November 24, 2017

Garageband: Don't Let the Haters Get You Down.

The democracy of sound: is Garageband good for music? Along with open-source recording software like Audacity, which was originally released in 1999, GarageBand has allowed women to freely explore audio recording without being discriminated against. "As a woman, I was used to being undermined and having my creative abilities doubted and my physical allure pitted against me," says Pringle. "I knew I could make something interesting in GarageBand, so I stuck with it and didn't let the haters get me down." [more inside]
posted by mecran01 at 11:24 PM PST - 61 comments


Titus Andromedon [from Netflix series Unbreakable Kimmy Schmidt] feels he's being cheated on and he goes full-on Lemonade. Hold Up/Sorry/All Night [more inside]
posted by hippybear at 9:27 PM PST - 13 comments

Da Vinci, Decoy Trucks, and Dodging Taxes

"So You Just Bought a $450 Million Leonardo da Vinci Painting. Now What? From decoy trucks (yes, really) to tax wizardry, here's what happens after you win the most expensive painting in auction history." [more inside]
posted by Eyebrows McGee at 8:39 PM PST - 15 comments

“Yes, you’re armed with a yo-yo...”

The Quirky Voyage of StarTropics [Kotaku] “StarTropics released towards the end of the life of the original Nintendo Entertainment System in 1990, it was developed by Nintendo R&D3, a team that focused on Nintendo’s hardware and peripherals, but also developed Mike Tyson’s Punch Out. You play as young ace pitcher, Mike Jones. Mike’s uncle has been abducted under mysterious circumstances so he has to search the islands to find him. He does this using a submarine controlled by the NAV-COM, a robot with an uncanny resemblance to the Nintendo peripheral, ROB. There are many visual similarities the game has to the Zelda series. Mike has heart containers representing his life bar, needs to make his way through multiple caves, and eventually has to find three mystical items (cubes instead of triangular triforces). But the grid based battle system quickly diverges from Zelda with tricky boss battles, interesting characters, and jumping puzzles that take him to the stars.” [YouTube][1991 Original NES Star Tropics Commercial] [more inside]
posted by Fizz at 8:08 PM PST - 10 comments

Best Books of The Year Lists. All of them.

Want to spend a lot of money before Christmas? No need to thank me!
posted by smoke at 5:34 PM PST - 22 comments

That was quick

Genetic analysis of Big Bird - no, not that one, the one discovered by legendary researchers Peter and Rosemary Grant (previously) - has been completed by Leif Andersson at Uppsala University and published in Science. What's special about the Big Bird lineage is that it was observed developing into a new species in only three (or two, according to the press release) generations. "Charles Darwin," said Andersson, "would have been excited to read this paper."
posted by clawsoon at 11:53 AM PST - 6 comments

It's a Turkey Day miracle

Mystery Science Theater 3000 creator Joel Hodgson has announced that Netflix is renewing the show for a Season 12. Stories on Satellite News, Tor, AV Club.
posted by Chrysostom at 8:27 AM PST - 64 comments

Carbon Copies

The Exciting History of Carbon Paper dates back to the beginning of the 19th century. Today, we still refer to the technology, even though we have not used it in a long time. [more inside]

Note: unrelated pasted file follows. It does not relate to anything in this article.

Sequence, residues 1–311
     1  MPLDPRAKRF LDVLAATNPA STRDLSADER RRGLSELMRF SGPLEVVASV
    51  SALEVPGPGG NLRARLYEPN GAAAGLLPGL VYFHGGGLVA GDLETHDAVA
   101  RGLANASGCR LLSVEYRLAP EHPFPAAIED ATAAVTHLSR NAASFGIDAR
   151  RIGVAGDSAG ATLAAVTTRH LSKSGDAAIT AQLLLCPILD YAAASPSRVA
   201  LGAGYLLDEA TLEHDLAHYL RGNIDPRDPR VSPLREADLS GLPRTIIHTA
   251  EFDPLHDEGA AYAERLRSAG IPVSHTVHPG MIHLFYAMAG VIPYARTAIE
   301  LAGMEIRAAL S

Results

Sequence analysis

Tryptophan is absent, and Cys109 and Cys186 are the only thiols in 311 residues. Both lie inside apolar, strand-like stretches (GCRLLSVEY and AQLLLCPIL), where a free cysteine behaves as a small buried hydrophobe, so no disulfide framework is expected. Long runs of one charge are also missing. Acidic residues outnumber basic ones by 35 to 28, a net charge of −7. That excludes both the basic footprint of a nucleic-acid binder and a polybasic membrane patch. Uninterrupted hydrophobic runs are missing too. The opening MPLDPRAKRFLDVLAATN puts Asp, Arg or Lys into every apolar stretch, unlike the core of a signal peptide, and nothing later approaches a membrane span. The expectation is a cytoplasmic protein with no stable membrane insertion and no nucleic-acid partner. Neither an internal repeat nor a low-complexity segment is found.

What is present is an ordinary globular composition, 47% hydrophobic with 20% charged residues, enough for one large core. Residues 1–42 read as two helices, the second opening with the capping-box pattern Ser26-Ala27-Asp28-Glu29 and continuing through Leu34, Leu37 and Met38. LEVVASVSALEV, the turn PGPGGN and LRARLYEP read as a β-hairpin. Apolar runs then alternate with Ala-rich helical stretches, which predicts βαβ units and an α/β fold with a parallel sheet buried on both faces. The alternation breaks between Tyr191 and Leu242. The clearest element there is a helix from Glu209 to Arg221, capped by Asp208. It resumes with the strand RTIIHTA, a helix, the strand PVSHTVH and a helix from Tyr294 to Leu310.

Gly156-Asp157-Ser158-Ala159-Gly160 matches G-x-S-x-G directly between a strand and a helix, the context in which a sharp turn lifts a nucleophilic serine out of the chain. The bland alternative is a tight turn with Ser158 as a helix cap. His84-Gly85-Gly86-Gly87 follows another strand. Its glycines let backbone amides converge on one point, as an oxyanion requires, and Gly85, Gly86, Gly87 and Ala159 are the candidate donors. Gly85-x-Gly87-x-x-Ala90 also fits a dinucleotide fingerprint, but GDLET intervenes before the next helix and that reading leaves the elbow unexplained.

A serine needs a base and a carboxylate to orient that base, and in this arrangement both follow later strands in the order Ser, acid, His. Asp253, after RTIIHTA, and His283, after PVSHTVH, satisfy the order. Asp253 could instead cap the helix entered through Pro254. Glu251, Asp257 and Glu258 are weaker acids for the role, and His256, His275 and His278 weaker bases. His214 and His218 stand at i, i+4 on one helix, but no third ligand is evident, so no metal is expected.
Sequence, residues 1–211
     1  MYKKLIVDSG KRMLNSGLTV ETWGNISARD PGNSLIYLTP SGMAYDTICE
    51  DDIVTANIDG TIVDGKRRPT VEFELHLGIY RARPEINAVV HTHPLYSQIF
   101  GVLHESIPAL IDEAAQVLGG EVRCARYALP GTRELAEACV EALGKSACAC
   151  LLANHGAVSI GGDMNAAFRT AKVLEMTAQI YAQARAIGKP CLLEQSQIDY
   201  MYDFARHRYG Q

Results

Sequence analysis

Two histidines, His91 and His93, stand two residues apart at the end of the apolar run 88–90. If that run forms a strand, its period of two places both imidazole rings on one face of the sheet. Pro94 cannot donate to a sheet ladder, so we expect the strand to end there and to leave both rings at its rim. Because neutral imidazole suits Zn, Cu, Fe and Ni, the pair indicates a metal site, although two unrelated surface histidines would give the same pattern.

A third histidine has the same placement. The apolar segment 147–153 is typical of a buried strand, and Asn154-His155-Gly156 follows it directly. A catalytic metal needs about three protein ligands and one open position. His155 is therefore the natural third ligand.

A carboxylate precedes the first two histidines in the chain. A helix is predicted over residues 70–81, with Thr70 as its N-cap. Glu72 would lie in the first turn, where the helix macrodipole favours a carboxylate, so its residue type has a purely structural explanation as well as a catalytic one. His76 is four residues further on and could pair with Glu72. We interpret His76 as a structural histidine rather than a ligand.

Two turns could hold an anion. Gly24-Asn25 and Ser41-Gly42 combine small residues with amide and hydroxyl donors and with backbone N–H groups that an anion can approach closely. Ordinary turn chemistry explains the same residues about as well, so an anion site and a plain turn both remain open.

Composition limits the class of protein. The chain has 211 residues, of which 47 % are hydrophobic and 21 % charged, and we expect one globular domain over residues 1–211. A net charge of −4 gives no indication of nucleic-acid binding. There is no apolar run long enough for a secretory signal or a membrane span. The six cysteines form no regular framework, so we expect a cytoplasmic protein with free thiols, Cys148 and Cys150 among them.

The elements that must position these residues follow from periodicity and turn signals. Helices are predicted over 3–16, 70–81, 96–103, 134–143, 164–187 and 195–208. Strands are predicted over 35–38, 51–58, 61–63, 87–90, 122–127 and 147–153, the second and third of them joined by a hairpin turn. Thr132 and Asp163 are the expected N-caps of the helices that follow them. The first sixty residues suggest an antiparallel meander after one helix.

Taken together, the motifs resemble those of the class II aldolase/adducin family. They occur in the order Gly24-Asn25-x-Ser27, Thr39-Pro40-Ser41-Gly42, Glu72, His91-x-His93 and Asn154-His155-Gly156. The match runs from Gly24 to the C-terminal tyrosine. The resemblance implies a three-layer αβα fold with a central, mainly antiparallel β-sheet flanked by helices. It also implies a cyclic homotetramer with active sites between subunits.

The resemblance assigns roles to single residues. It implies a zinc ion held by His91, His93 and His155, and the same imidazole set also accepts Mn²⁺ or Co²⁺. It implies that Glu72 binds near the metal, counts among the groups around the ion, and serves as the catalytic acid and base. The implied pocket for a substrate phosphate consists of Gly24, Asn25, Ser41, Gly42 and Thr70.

posted by carter at 6:59 AM PST - 52 comments

There must be something in books, something we can’t imagine...

Science Fiction Makes You Stupid Addressing the effects of genre first, in comparison to Narrative Realism readers, Science Fiction readers reported lower transportation, experience taking, and empathy. Science Fiction readers also reported exerting greater effort to understand the world of the story, but less effort to understand the minds of the characters. Science Fiction readers scored lower in comprehension, generally and in the subcategories of theory of mind, world, and plot.
posted by gusottertrout at 5:55 AM PST - 111 comments

Someone left the cake out in the rain.

"Almost everything that Brexiters say now, in the circumstance of having chosen to leave, makes much more sense as a response to being forced to leave.... Instead of the generosity, confidence, patience and optimism that might be expected to accompany victory what we see amongst Brexiters is an oscillation between sour, crabby, resentful anger and bellicose, belligerent, defiant anger. That anger seems, if anything, to grow with each passing week." [more inside]
posted by rory at 3:39 AM PST - 129 comments

Paper jam

'Obsession' by OK Go (SLYT)
posted by fearfulsymmetry at 2:12 AM PST - 37 comments

"I want to see the seashells in the bathrooms people"

Please show me pictures of weird stuff in your parents house. (SLTwitter)
posted by MartinWisse at 1:05 AM PST - 92 comments

How the sandwich consumed Britain

The invention of the chilled packaged sandwich, an accessory of modern British life which is so influential, so multifarious and so close to hand that you are probably eating one right now, took place exactly 37 years ago. Like many things to do with the sandwich, this might seem, at first glance, to be improbable. But it is true. In the spring of 1980, Marks & Spencer, the nation’s most powerful department store, began selling packaged sandwiches out on the shop floor. Nothing terribly fancy. Salmon and cucumber. Egg and cress. Triangles of white bread in plastic cartons, in the food aisles, along with everything else. Prices started at 43p.
posted by ellieBOA at 12:31 AM PST - 76 comments

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